As always the idea has to come first.  That sounds simplistic and it is,  but it doesn’t feel that way.  Let’s face it, I’m in idea hell.

How do you get your ideas?

Friday, December 16, 2005

Page Proofs

I finished them.  The timeline, which worried me, was fine.  The proof reader obviously missed a day and therefore thought the days were wrong.

Because the day missed is very clear, I didn’t need to change it.  At the beginning of a new chapter I wrote, “The ringing phone was my alarm clock.”  If you somehow miss that line and the one that comes next which makes it clear that the protagonist is getting up out of bed, then you could confuse the days.  I can’t see why a reader would miss this.

I was pretty sure my timeline was correct because I paid particular attention to that.  The other questions were easy to answer and 3 or 4 were good catches and I changed them.

I’m glad it’s over.

On Tess Gerritson's blog she writes about the grueling schedule of a book a year.  She also points out that if you miss a year it can be bad for you.  A book a year is very hard.  But I’m not going to have that problem because my publisher is holding off on giving me a contract.  I am, however, going to miss a year and should I get a contract for one or two of my series it won’t be a good thing.

I doubt that I will get a contract and I don’t believe another house would want the series.  My feeling is that this will be a series of two books.

The thought of starting a new series doesn’t interest me right now.  But that could change.  I’d much rather try a stand alone.  I’ve done many of those.

I’m not anxious yet that I don’t have an idea.  I wonder when that will start?  Anxiety, that is.

Tuesday, December 13, 2005

The Last Step

I’ve received page proofs and the questions that go with them.  There are a lot of questions.  The kind I would’ve expected from a copy editor.  But these are from the proof reader.  I’m beginning to think that this part of the publishing experience has changed.

Obviously the copy editor no longer does the questioning of eyes blue on one page and those same eyes brown on another.  Or the timeline.  Or clothes that miraculously change from morning to afternoon on the same day.

This is now the bailiwick of the proof reader.  When did this change?  Or am I forgetting.  I have to have these in by 1/5/06.  I’ll try to tackle it tomorrow.

I’m very surprised that there are mistakes in the timeline.  When I write I try to keep careful track of that and write Sunday or Monday or whatever day it is at the top of the chapter.  I haven’t looked into it yet, but from my glance at the questions either I got it very mixed up or didn’t clarify.  If the proof reader got it mixed up then I didn’t make it clear, I guess.

I’m glad this is the last thing I’ll have to do on this novel so that I can have a free mind for what comes next.

Right now it feels as though nothing will come next.  Yet I know something will.

Friday, December 09, 2005

Good News and Bad News

Which do you want first?  I think good news should always be first because it tends to carry one through the bad news.  Of course in this case, both good and bad pertain to me so it doesn’t really matter to the reader.  Still, here’s the good news.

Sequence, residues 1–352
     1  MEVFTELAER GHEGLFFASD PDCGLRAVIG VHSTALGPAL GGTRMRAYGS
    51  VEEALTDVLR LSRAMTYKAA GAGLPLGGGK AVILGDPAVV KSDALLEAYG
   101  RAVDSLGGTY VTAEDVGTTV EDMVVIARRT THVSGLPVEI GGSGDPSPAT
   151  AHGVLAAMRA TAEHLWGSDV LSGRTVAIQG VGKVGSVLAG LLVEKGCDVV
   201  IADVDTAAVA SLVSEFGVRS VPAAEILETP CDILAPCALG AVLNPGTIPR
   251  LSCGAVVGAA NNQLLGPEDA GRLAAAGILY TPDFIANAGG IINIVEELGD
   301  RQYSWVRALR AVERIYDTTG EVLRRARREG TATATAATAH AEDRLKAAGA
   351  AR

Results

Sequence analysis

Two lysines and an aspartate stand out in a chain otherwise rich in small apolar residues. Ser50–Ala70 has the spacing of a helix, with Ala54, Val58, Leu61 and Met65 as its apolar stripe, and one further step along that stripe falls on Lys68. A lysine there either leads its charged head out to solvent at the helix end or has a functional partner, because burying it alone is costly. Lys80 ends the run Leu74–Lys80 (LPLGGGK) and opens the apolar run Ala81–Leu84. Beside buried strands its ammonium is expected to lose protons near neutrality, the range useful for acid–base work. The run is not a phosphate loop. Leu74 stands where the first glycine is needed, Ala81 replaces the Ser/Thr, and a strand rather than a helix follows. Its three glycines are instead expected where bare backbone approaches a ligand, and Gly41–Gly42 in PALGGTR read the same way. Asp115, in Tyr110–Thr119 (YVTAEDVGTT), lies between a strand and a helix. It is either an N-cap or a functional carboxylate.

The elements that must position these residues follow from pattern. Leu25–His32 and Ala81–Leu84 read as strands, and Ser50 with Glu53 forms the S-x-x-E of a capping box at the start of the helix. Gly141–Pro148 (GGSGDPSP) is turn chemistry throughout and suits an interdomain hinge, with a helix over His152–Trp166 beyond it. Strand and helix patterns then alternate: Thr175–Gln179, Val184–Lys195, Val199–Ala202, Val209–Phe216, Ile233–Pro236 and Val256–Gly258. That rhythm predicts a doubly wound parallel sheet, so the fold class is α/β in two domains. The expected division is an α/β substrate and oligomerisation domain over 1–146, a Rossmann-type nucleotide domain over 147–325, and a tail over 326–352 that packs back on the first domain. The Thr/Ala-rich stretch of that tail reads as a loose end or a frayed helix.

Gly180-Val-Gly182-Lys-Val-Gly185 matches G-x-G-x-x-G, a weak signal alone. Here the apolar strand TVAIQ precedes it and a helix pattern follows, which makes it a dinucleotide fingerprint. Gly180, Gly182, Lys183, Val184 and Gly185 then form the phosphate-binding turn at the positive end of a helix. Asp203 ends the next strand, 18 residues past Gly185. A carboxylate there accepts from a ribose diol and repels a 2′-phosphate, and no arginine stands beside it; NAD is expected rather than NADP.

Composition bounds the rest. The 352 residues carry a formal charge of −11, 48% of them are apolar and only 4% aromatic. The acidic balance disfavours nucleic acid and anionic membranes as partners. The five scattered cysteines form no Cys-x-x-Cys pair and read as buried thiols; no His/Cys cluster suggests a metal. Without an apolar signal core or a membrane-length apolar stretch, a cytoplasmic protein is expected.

I’ve been assigned a new editor.  She seems very nice (we’ve only spoken on the phone) and she’s exactly who I would’ve chosen for myself. 

The bad news is that Ballantine is not going to give me a new contract until they see how well Too Darn Hot does.  Remember the numbers post?  It’s all about the numbers.  That means how well you sold.  Nothing to do with getting audio sales or book clubs and definitely nothing to do with reviews.  It’s how many copies of your book were sold.  As respectable as the numbers reflect my sales for the first book in a mystery series as I see it, it wasn’t enough for my publisher, and that’s who the boss is.

Since TDH will be published in late June, 2006, I probably won’t know anything before this time next year.  A little more vacation time than I wanted.  Or needed.

I don’t have a “dying to write this” idea now, but I plan to start hitting the keys on January 2nd. It’s a Monday, which is when any self-respecting author should begin a new novel.  I hope I don’t have to insert a smiley face everytime I make a little joke, because I don’t plan to.

At this stage in my career, I don’t have a lot of time to waste.  I’ll be open to a new idea and hope that something comes my way.  Even if doesn’t happen by Jan. 2nd I’ll sit down at this computer and face the blank page in Word on my monitor.  I’ll sit there my usual 3 to 4 hours even if I don’t type anything.  I can’t write if I’m answering email or surfing the web or reading  a book. 

For now I’ll read, blog, go to the movies and see friends. But I’ll be at my post on January 2nd, 2006.

I may be down, but I’m not out.

Wednesday, December 07, 2005


I had a computer crash last Friday and ever since I’ve been dealing with the nightmare we all dread: reinstalling.

I didn’t want anyone to think I’ve abandoned my blog.

I lost my email addresses so anyone who has previously given me their email address privately, would you please do so again.

I have some news and I’ll be posting it here soon.

Thursday, December 01, 2005


"Close the door. Write with - no one - looking over your shoulder. Don't try to figure out what other people want to hear from you; figure out what you have to say. It's the one and only thing you have to offer."

Barbara Kingsolver